In his second year as Orange County Public Schools Superintendent, Dr. Cecil Snead is facing the challenge of a lifetime: running a school division shut down for the remainder of the academic year due to the global spread of a deadly virus.
Snead is not alone, of course. He is among administrators around the world tasked with keeping schoolchildren and staff safe while ensuring that students still get an education under extraordinary circumstances.
Is Snead up for the job? It appears so.
In recent sightings, he has not looked exhausted, fearful or even worried. Smiling and poised, he has a sort of glow about him. He looks ready.
When Orange schools closed, Snead had soon after set up a coronavirus page on the division website and begun an informational blog linked to that page. When Gov. Ralph Northam initially closed all K-12 schools for two weeks, Snead shuttered local schools for an additional two weeks. It was a safeguard that gave his staff and local families notice that they needed to plan for a long haul.
“I think he could see the writing on the wall that it was not going to get better in two weeks,” said Orange County School Board Chairwoman Sherrie Page.
As a result, when Northam announced last week that he was closing K-12 schools for the rest of the school year, the OCPS community was not unprepared for that dramatic news.
Snead and his team quickly made sure students dependent on the schools for breakfast and lunch would not go hungry.
With school nutrition supervisor Linda Blair coordinating the effort, OCPS launched a free “grab and go” service at three central locations (Orange County High School, Gordon-Barbour Elementary School and Unionville Elementary School) for all children under age 18.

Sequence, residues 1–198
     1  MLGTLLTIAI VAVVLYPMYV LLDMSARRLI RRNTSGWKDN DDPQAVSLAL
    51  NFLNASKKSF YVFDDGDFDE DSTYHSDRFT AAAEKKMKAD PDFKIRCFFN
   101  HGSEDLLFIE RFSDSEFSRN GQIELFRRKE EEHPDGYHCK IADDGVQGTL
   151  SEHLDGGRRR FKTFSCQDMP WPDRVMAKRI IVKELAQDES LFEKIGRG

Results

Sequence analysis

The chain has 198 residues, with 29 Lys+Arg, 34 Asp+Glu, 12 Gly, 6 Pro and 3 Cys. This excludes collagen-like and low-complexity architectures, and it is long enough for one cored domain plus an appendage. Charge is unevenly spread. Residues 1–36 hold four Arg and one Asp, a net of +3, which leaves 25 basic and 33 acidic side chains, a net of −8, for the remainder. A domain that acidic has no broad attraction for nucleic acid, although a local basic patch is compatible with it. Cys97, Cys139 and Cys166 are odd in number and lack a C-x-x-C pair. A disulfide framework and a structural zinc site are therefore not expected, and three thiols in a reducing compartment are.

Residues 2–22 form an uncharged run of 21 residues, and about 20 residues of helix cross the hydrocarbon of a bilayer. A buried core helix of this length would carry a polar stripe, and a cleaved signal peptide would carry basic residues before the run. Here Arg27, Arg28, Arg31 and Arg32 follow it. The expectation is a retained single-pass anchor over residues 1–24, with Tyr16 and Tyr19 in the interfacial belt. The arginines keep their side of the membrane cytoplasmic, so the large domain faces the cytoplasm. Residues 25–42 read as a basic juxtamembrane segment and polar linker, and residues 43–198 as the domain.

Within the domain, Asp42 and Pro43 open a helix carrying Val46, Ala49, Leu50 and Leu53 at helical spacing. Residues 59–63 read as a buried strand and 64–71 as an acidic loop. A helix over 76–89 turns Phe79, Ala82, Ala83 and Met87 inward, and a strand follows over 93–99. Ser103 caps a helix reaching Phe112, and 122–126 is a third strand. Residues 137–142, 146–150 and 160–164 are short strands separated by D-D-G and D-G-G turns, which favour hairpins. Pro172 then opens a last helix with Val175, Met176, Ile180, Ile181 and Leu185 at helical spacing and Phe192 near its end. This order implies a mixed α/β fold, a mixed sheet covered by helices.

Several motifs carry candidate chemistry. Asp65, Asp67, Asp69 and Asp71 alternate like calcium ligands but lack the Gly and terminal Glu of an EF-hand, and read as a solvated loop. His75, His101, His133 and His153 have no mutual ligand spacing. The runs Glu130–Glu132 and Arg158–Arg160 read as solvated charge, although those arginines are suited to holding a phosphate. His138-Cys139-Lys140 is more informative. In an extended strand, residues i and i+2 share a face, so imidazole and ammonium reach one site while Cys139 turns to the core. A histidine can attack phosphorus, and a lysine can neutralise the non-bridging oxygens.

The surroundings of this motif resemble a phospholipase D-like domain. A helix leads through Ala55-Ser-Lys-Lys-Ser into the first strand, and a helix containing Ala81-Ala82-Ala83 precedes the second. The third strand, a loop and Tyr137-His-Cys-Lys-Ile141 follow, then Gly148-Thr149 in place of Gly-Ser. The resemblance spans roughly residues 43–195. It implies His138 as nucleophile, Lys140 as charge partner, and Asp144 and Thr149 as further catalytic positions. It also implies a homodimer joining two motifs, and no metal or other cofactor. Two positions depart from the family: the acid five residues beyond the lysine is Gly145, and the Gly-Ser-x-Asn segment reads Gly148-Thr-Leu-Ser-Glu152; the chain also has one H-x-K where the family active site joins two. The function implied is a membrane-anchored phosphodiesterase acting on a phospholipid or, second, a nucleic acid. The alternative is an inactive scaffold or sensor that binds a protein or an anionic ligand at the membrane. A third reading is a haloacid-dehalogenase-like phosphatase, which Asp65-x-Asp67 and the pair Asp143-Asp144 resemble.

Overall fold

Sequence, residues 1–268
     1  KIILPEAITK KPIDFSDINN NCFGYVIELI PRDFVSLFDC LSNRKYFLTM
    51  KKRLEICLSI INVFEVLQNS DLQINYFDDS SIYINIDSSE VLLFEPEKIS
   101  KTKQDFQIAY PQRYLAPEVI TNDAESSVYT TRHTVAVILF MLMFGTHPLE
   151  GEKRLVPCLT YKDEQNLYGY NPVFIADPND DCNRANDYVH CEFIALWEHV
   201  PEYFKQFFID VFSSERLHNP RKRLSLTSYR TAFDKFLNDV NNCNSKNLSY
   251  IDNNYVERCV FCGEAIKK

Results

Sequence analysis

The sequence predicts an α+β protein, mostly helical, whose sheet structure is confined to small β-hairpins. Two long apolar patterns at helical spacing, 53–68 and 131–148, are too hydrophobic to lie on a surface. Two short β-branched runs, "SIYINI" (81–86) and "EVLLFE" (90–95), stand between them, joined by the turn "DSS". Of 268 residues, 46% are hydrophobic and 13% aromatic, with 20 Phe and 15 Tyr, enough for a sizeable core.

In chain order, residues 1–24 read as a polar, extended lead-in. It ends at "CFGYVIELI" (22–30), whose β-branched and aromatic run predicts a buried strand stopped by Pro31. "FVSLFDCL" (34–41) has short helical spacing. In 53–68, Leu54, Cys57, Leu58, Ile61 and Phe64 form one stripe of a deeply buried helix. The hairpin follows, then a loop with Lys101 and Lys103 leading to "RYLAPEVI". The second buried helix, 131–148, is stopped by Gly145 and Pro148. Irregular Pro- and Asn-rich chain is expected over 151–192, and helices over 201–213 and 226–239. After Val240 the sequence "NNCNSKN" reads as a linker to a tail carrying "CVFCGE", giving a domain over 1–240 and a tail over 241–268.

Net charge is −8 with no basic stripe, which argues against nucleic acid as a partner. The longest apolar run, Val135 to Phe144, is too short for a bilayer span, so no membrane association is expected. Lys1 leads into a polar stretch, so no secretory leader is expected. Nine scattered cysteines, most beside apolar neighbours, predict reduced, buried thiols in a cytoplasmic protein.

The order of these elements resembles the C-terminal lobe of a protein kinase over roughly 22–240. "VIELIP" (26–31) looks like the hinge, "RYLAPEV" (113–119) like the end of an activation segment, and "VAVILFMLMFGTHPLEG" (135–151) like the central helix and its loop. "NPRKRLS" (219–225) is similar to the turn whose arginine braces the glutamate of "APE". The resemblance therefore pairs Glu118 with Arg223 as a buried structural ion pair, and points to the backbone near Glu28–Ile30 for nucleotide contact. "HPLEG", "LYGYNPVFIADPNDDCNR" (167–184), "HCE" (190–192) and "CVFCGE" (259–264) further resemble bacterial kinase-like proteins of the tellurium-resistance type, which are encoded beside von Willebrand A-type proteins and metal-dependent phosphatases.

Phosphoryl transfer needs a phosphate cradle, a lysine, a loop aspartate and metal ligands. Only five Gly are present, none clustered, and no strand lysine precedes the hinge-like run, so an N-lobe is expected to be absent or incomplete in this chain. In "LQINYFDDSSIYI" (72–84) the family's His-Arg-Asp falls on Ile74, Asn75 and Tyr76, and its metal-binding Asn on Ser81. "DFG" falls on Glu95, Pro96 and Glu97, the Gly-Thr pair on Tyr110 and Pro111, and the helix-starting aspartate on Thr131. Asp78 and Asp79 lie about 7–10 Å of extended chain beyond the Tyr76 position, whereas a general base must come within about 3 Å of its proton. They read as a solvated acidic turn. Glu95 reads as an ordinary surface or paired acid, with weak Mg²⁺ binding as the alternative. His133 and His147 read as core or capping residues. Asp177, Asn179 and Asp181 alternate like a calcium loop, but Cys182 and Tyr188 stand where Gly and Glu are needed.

Principals and other staff members have been handing bagged breakfasts and lunches to families as they drive up in their cars. The program began the first week of the closure.
On his blog, Snead posted that students may pick up seven days’ worth of breakfasts and lunches on Thursday, March 26.
“We want our decisions to support healthy choices, first and foremost. Secondary to that, we are concerned about navigating with thoughtful care through the instruction process that relates to graduation and continuity of instruction for all students,” Snead said.
He added that “food security” for local children is another pressing concern.
Snead said that the Virginia Department of Education has promised to provide guidance for statewide K-12 education matters, including graduation, verified credits, continuity of learning, transitioning students from this disrupted school year to next year, food services and special education.
And then there is the matter of the budget for fiscal year 2021. Before the virus profoundly altered the way everyone does business, the Orange County School Board had approved a $63 million budget, including a request for $25.5 million from the county.
The plan was to present the budget to county supervisors by the end of the month.
Although county offices are shut down and there is no longer any such thing as “business as usual,” Snead is not going to let the budget slide:
“We will continue to move forward as if next year returns to normal,” he said.
While tending to the schools, Snead and his staff members still have been working to help others in the community. Snead credited Assistant Superintendent Bill Berry with facilitating donations of protective masks, gloves and other sanitary items to those who urgently need them, including Dogwood Village and the Orange County Fire and EMS Department.
The supplies come from the OCPS science and nursing programs and the school nurses’ offices. Snead said the schools made the donations in response to word that people on the front line of the pandemic were running short of personal protective gear.
Asked how he is holding up during this calamitous time, Snead replied, “I have a deep faith and truly love humanity. It’s this energy that drives me to be my best for others. My wife, Sherrie, is very supportive of my time commitments. … I’m quite fortunate to have her.”
With news of the pandemic constantly changing, his time commitments have been off the charts.
“Ever since the governor called the schools to close—I don’t know how, and if, the man has slept,” Page said of Snead.
“If there’s a day that goes by that we haven’t chatted at least once, it’s rare. Most days, it’s more than once.
“He makes sure that I’m informed, his board is informed. That’s how he operates,” Page said.
Thoroughly pleased with the work ethic Snead has demonstrated since day one, Page said his recent herculean push “just confirms, when we interviewed him, he was the man for Orange County.”